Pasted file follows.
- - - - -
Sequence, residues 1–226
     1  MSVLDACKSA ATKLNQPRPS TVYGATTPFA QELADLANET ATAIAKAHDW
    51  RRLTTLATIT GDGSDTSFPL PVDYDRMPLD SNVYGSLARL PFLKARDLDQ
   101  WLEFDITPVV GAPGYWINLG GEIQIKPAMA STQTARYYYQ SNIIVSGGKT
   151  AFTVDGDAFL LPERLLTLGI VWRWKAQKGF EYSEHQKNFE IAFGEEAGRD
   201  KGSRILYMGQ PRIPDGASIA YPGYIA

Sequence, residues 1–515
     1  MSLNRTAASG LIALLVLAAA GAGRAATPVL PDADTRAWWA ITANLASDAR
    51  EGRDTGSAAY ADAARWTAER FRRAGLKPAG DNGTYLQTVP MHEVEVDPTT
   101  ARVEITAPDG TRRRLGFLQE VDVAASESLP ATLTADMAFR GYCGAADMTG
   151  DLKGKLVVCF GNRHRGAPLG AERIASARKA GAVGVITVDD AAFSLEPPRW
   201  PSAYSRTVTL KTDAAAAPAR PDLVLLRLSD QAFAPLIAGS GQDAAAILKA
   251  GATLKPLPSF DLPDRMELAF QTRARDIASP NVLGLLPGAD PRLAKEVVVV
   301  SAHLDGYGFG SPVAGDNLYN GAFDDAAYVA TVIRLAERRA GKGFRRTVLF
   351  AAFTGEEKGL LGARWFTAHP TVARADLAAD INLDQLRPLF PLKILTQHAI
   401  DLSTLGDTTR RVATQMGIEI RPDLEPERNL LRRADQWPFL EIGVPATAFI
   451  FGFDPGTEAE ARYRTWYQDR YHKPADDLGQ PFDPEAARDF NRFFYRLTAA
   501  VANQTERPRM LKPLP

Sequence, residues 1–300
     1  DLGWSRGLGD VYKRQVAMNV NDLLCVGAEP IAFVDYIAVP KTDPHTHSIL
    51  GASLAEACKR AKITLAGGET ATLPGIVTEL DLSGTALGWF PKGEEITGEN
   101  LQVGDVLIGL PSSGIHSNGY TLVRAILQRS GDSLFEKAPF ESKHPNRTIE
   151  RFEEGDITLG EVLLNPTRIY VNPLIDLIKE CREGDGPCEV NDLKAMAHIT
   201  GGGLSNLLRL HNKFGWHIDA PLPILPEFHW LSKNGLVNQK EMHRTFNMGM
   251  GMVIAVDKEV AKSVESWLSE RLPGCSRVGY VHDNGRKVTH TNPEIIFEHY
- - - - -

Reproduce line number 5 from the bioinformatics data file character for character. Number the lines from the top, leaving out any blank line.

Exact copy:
   151  AFTVDGDAFL LPERLLTLGI VWRWKAQKGF EYSEHQKNFE IAFGEEAGRD